COLUMBIA — The receivers on the Missouri football team are easy to see. And hear.
As the Tigers head into their first game of the season Saturday against Southeastern Louisiana University, expectations for the receivers are high. The group’s strength is its depth, with reliable returners T.J. Moe, Marcus Lucas and L’Damian Washington anchoring an experienced group.
With receiving options on both sides of the field, quarterback James Franklin should have no problem spreading the ball around again this season. When listing all of the receivers he would classify as “playmakers,” Franklin couldn’t name them all off the top of his head. If he were counting on his fingers, he would have used nearly all of them.
“L’Damian (Washington), Marcus (Lucas), Bud (Sasser), Dorial (Green-Beckham), T.J. (Moe), Gahn (McGaffie), pretty much all of them,” he said, stopping both to laugh and catch his breath. “I see them all through camp, and sometimes the ball gets to one guy more than the other, but to be honest, just about all of our receiving corps can have an impact this season.”
Even if the ball doesn’t get spread evenly in all directions, the personalities of the group ensure that nobody’s feelings are hurt. Anyone who attended a summer practice could easily see Missouri’s receivers cutting into the open and making catches for both short and long gains.
But it was also easy to hear them. The pass-catchers are loud and confident. They have little problem pestering each other, pushing each other, congratulating each other.
Like a family full of diverse and unique characters, Missouri’s receivers do not simply coexist. They thrive with each other’s company.
“I’m glad that nobody on this team has the same personality. It’s kind of great,” Washington said. “It’s a mix of what Marcus’ goofy side brings to the table, what T.J. (Moe)’s serious side brings, and I’m just kind of all over the place. We just mesh, and that’s what makes us great.”
Lucas – one of the team’s more dynamic options — stands at the far sideline near the line of scrimmage, gazing back at his quarterback during a practice drill. While each receiver will run his separate route, Lucas doesn’t particularly care who receives the ball as long as that player succeeds.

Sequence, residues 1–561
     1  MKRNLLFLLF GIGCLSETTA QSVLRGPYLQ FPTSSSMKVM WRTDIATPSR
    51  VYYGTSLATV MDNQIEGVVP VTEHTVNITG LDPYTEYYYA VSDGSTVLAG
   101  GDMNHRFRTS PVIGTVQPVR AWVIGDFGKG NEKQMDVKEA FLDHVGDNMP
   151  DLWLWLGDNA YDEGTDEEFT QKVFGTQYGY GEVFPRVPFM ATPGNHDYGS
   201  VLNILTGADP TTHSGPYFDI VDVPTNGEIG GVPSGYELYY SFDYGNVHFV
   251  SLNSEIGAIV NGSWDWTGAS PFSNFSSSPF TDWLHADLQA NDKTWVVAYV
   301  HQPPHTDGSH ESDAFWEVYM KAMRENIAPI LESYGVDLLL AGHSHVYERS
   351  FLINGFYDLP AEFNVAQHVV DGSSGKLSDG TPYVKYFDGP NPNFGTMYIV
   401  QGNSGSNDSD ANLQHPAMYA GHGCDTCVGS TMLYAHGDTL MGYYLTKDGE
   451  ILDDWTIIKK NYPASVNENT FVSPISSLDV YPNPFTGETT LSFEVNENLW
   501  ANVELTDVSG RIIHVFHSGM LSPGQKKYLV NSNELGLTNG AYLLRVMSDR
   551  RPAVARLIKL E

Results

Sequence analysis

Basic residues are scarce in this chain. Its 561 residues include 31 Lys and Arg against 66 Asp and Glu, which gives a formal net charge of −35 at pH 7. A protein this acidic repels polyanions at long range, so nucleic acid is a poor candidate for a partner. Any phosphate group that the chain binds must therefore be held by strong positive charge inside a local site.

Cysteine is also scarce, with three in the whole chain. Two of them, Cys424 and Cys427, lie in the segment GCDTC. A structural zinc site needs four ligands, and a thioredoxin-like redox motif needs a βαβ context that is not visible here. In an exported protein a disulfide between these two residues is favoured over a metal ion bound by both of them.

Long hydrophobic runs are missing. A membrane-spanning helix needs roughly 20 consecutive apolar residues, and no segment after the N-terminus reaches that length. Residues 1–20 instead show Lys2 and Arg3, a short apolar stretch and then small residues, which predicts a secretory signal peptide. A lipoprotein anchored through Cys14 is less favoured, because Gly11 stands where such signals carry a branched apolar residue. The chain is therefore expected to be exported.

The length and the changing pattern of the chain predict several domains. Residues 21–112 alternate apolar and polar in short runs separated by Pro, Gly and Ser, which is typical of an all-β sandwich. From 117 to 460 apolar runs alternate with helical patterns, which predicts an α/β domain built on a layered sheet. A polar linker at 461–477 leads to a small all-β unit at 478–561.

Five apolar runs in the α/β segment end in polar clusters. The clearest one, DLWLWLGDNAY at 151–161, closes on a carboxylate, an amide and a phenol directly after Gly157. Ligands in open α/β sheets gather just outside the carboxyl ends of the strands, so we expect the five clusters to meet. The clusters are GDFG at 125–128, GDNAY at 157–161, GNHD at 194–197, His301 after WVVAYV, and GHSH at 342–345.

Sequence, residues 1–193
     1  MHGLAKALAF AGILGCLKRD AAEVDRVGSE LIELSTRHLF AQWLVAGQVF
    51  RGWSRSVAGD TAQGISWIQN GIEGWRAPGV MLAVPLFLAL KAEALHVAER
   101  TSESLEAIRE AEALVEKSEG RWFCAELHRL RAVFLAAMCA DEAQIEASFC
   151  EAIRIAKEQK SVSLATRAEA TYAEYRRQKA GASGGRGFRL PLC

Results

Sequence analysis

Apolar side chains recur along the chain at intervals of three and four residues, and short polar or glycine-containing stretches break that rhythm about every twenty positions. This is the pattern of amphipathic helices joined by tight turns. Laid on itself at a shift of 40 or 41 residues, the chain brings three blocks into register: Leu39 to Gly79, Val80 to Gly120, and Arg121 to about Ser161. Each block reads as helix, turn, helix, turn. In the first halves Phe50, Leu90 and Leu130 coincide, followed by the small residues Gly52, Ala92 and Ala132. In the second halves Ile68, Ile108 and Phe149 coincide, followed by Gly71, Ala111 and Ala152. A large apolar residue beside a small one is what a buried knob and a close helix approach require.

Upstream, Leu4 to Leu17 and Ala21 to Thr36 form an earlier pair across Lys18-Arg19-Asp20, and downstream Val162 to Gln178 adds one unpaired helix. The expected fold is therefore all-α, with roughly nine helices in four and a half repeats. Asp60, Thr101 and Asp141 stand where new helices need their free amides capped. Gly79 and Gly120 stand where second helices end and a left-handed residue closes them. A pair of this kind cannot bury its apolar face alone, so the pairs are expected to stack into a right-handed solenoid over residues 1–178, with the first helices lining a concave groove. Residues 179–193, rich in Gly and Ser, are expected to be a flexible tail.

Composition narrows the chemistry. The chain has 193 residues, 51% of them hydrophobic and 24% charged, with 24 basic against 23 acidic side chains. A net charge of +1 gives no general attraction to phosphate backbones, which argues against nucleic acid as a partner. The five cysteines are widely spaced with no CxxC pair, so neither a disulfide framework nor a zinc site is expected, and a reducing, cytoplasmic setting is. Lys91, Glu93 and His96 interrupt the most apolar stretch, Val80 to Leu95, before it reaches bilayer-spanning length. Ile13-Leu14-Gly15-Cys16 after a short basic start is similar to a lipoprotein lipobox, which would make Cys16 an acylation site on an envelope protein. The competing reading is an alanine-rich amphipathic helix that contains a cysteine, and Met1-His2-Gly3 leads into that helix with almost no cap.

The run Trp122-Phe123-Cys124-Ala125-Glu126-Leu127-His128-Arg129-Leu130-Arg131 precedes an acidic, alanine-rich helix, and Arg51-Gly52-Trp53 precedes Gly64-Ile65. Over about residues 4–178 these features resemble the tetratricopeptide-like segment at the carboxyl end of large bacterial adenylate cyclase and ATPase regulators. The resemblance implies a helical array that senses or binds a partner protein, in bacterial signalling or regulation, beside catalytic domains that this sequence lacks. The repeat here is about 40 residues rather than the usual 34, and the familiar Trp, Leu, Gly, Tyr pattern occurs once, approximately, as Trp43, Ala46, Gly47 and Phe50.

Of course he wants to be a popular target, he says. But it’s easier to support your fellow receivers when those players aren’t simply teammates. After years of interaction followed by a summer of two-a-days, they’ve become more than that.
“When you have your friends out there next to you and behind you or whatever, it makes you a lot more comfortable out there. That’s the biggest thing,” Lucas said.
“We’ve grown so much over the summer, and when you can be mid-play and make a joke with the guy next to you and still keep your focus, I feel like you’ve got a special group.”
The team’s incoming receivers might lack the bond of the older players, but there’s little doubt about their talent. Of course, there is Green-Beckham. The Springfield native had the most buzz coming into camp of any freshman in recent memory, after being named Rivals’ top overall prospect in 2012.
And while Green-Beckham has impressed throughout camp, taking reps with both the second- and first-teams, the receiver who created the most buzz around fall practice might have been freshman tight end Sean Culkin.
At 6 feet 5 inches and 232 pounds, Culkin has impressive size. But he also showed fluidity over his first few weeks in practice, so much so that a broken finger he suffered midway through camp did not cause the coaching staff to consider redshirting him.
Washington was quick to compare Culkin to former Missouri tight end Chase Coffman, saying the freshman is “a guy that’s athletic and can do it all.”
With so many options and such an obvious rapport, it’s not surprising that expectations are high. Washington, looking forward to his team’s first season in the Southeastern Conference, isn’t afraid to raise the bar for himself and his teammates.
“I’m planning by the end of this year for everybody to be talking about how great that Missouri receiving corps was,” he said.